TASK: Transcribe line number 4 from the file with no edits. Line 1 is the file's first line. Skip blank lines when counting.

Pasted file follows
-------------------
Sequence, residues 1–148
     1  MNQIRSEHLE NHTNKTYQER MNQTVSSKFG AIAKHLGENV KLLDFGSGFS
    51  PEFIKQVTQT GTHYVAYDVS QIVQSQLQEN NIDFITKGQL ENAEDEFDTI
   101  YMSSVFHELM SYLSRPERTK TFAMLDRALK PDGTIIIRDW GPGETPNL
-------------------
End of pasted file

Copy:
   101  YMSSVFHELM SYLSRPERTK TFAMLDRALK PDGTIIIRDW GPGETPNL